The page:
The moderately elevated SYM (SYM=6) is consistent with clients who often are not able to recognize the manner in which substance use is manifested in their lives. Her responses are similar to individuals who live in a social milieu where substance abuse and its related consequences are fairly routine and normalized. This experience may limit her ability to characterize her substance usage as problematic. Indeed, she may be somewhat surprised that the SASSI results could even indicate an addiction problem.

The client’s responses are similar to those of individuals who are experiencing emotional pain (DEF=3). Individuals who score in this range tend to be overly self-critical, may experience depressive symptoms and sometimes report a history of trauma. She may be quite limited in her ability to recognize personal strengths, focusing more on limitations, failures and feelings of low self-worth.

This client is likely to have a high probability of a substance use disorder and should be considered for relatively intensive addictions treatment. A comprehensive behavioral health evaluation may be necessary to rule out the need for additional psychiatric intervention. Although she demonstrates some ability to acknowledge relevant behavioral symptoms of her addiction, a viable treatment plan should include initial efforts to increase her self-awareness and insight into the full nature of her substance use problems. Education and other cognitively based interventions may be helpful.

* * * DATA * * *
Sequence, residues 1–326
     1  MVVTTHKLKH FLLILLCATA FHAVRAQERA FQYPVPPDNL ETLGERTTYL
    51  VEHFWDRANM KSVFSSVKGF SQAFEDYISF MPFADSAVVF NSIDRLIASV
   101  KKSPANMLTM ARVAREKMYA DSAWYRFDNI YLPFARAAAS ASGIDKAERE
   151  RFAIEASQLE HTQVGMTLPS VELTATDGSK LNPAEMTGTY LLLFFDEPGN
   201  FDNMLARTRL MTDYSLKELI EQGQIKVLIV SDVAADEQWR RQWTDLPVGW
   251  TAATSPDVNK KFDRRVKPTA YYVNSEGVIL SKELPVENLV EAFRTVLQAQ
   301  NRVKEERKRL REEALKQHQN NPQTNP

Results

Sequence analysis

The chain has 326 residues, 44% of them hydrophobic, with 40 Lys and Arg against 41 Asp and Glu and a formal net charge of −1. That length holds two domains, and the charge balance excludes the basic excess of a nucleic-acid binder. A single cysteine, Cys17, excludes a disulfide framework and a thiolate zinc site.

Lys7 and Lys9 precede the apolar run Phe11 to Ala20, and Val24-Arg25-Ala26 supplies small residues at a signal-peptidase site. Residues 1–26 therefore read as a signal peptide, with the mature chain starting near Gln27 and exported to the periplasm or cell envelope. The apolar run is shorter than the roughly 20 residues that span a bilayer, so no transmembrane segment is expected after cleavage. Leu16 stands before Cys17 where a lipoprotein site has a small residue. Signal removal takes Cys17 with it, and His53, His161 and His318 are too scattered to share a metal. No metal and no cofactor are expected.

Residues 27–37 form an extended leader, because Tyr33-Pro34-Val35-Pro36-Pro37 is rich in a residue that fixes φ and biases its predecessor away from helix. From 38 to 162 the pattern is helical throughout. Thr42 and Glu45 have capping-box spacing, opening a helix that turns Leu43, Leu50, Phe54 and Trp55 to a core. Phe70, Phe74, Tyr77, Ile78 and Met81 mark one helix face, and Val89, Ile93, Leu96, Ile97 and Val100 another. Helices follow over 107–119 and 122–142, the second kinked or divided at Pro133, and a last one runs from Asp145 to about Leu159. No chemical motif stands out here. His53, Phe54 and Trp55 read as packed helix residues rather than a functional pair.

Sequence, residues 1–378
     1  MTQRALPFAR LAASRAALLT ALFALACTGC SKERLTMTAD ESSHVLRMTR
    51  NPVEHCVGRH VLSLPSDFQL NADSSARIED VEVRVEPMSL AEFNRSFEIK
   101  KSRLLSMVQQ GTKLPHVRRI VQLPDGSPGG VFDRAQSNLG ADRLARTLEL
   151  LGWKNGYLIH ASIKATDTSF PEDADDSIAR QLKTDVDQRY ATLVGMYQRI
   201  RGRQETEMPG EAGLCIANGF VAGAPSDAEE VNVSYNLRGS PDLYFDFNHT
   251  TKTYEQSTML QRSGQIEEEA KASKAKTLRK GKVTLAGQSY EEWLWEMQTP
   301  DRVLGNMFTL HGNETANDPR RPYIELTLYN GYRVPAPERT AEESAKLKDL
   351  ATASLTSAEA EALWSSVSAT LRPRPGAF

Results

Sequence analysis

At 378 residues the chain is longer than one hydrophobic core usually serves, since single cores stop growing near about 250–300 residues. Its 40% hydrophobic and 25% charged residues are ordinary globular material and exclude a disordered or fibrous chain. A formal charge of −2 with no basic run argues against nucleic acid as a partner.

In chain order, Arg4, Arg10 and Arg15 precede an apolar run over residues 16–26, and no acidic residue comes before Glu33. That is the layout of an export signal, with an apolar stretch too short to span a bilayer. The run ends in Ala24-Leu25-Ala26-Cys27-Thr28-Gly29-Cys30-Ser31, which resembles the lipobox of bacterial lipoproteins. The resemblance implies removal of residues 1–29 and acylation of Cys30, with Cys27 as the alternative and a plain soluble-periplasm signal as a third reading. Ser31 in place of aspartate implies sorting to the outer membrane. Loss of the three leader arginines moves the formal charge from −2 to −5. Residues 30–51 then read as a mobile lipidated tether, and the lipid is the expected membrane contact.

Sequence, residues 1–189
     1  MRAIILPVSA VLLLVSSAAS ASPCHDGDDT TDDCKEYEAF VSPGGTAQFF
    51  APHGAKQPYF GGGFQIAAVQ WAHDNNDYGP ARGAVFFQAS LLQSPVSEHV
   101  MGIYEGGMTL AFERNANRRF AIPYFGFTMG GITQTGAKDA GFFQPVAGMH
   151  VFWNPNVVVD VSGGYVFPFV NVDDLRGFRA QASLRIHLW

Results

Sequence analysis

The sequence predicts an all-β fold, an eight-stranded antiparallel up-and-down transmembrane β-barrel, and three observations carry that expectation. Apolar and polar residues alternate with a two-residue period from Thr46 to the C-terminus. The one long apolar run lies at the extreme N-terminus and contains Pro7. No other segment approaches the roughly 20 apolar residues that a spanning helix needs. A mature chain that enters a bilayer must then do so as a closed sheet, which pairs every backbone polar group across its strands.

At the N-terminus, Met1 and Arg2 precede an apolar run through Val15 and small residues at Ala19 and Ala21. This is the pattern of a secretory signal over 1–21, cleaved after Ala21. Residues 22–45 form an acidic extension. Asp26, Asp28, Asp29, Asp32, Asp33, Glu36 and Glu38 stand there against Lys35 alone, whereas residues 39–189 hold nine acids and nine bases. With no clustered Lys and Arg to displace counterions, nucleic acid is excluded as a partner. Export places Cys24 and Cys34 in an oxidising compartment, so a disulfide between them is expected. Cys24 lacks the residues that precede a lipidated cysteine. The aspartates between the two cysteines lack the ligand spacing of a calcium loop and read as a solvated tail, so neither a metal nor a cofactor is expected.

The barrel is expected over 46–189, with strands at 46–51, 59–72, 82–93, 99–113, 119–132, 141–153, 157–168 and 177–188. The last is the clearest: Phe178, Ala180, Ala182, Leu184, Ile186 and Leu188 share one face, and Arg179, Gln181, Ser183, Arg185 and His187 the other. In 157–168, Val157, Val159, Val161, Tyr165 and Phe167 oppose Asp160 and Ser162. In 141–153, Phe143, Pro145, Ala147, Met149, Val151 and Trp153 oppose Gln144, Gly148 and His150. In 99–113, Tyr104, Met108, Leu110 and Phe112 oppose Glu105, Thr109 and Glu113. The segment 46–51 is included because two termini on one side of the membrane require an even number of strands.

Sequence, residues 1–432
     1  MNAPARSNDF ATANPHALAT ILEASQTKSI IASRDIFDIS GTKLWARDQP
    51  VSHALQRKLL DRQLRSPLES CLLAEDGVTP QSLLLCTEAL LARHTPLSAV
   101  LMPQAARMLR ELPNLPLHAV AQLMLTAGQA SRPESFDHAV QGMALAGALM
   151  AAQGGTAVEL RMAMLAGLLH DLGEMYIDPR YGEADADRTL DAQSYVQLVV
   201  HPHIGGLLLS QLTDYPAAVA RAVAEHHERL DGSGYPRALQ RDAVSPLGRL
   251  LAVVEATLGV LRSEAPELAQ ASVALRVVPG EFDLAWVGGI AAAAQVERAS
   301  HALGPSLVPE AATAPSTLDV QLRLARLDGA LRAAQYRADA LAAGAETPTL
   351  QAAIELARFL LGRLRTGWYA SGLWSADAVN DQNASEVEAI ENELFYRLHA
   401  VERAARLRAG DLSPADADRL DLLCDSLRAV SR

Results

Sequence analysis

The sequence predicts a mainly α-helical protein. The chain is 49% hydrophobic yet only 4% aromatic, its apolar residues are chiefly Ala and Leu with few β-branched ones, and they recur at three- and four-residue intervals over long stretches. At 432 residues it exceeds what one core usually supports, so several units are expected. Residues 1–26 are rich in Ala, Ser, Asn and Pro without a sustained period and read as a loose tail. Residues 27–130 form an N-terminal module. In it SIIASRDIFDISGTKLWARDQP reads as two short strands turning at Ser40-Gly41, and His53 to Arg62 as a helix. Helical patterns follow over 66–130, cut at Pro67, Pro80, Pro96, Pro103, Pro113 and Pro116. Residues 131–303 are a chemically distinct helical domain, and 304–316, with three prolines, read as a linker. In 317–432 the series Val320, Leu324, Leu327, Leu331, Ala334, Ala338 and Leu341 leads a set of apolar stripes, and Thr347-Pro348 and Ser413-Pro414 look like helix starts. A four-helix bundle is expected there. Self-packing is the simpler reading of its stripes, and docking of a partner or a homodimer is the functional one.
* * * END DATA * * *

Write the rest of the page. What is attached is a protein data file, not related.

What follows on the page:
Most likely, she will need help in recognizing that her misuse of alcohol and other drugs is similar to that of other substance dependent people. A content analysis of her responses on the FVOD and SYM items may be one way to help her realize that it is in her best interest and within her capacity to change.

Community-based self-help support groups could provide additional encouragement and support.

In addition, evaluation for depressive symptoms and its relationship to her substance us would be important to consider.